The U.S. Fish and Wildlife Service has paused its plan to designate part of the High Peaks region in western Maine as a national wildlife refuge, after hearing from concerned local residents and some of Maine’s federal lawmakers who have argued that the region is already well managed locally.

The federal government had been considering making between 5,000 and 15,000 acres in the High Peaks into a refuge since the spring. The Fish and Wildlife Service held a series of “scoping sessions” to gather public input in May and June in Rangeley, Farmington, Carrabassett Valley and the Sugarloaf ski resort.

In August, U.S. Sens. Angus King and Susan Collins and Rep. Jared Golden sent a letter to the Fish and Wildlife Service outlining their concerns about the plan for the refuge, citing local opposition as well.

“It is clear to us that this project does not have sufficient public support from the local communities which may be directly impacted by the proposal,” the letter stated. “Without local buy-in, the creation of a refuge unit in the region would have a diminished chance of success and would not serve the goals of the USFWS.”

The lawmakers asserted that the land doesn’t need federal oversight to be protected.

“To be clear, this region and its residents – like much of Maine – have a strong history of protecting the land and depending on it for their livelihood. Residents take great pride in the natural character of the High Peaks area,” they wrote, noting that nearly one-third of the 200,000 High Peaks acres under review are already conserved through local or state efforts.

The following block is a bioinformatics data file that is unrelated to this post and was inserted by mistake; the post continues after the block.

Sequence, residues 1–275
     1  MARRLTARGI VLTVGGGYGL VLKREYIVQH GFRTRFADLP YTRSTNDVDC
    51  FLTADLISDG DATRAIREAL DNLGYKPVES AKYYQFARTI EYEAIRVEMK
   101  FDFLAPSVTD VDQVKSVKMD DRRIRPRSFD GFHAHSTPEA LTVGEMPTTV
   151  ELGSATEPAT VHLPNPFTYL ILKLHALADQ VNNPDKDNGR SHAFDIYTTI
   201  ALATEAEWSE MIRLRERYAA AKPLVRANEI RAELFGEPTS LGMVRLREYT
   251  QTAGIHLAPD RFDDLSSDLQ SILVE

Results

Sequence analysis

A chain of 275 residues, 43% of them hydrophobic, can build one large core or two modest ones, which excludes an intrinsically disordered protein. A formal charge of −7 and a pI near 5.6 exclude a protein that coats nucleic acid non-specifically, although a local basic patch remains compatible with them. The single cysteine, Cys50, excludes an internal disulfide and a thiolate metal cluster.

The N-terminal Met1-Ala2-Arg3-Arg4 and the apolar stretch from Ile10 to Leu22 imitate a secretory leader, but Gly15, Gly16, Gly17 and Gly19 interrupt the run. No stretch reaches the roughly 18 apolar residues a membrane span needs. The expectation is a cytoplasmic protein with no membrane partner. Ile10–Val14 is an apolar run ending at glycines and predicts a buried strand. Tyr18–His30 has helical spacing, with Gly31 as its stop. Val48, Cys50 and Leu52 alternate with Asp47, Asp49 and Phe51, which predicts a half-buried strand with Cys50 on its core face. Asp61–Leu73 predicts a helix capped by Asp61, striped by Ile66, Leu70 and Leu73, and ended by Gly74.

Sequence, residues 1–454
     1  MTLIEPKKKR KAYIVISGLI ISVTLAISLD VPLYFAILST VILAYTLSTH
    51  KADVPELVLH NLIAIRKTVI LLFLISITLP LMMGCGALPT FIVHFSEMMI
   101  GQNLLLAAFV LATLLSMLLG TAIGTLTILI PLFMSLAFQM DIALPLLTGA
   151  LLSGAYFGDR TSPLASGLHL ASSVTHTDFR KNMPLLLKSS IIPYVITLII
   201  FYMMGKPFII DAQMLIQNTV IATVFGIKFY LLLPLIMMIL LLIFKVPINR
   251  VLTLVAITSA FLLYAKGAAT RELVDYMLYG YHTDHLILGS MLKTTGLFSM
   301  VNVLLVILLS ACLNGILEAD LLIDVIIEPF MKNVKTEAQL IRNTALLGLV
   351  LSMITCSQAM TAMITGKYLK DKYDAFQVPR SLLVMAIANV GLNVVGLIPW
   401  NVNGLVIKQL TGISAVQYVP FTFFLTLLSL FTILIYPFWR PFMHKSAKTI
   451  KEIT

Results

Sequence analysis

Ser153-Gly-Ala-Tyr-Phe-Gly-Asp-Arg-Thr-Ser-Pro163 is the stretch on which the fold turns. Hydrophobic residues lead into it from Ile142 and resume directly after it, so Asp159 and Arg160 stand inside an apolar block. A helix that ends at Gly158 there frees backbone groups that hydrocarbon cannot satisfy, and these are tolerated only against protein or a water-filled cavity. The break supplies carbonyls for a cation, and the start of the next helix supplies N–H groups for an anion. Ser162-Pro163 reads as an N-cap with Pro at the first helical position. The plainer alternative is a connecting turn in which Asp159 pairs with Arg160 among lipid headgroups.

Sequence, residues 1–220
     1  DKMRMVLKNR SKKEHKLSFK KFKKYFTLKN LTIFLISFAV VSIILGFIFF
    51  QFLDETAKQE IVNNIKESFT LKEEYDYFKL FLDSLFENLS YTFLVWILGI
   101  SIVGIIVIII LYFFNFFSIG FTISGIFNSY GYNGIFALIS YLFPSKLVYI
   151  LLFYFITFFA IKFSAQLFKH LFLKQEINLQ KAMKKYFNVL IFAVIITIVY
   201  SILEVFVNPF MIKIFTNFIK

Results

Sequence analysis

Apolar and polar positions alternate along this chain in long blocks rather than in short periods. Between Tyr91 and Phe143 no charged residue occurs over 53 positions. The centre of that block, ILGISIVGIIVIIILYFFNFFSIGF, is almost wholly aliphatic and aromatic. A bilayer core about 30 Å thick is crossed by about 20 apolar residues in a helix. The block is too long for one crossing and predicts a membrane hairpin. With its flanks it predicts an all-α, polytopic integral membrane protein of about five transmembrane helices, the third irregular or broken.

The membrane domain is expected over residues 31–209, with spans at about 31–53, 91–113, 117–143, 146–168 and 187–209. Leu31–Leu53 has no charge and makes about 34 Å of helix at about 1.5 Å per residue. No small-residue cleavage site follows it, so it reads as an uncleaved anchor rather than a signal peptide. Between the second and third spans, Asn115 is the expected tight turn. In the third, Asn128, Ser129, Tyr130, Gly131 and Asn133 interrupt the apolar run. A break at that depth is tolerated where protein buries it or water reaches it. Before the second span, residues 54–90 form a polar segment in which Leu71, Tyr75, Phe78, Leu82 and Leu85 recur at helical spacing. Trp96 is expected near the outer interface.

“In short, this region has a long tradition of tending to its own conservation needs; the imposition of a new federal enclave would serve neither the local communities nor the values such a project would seek to advance,” their letter read.

In a letter dated Dec. 15, a Fish and Wildlife official responded to the lawmakers that “the Service has decided to pause its planning efforts to consider authorizing a new refuge in the High Peaks Region. This pause will provide further opportunity to better understand what role, if any, the Service could play to better support local conservation needs.”

Fish and Wildlife received more than 300 emails and letters from local residents since their public forums in the region, according to the letter. They noted that the land under consideration is the state’s largest expanse of high-elevation forest, containing plenty of flora and fauna “of conservation concern.”

“While we have heard that many in the community want to see this special landscape conserved for the long-term benefit of fish and wildlife species and to support wildlife-dependent recreation,” the letter stated, “we also appreciate that there are varied perspectives on the best way to achieve that goal.”

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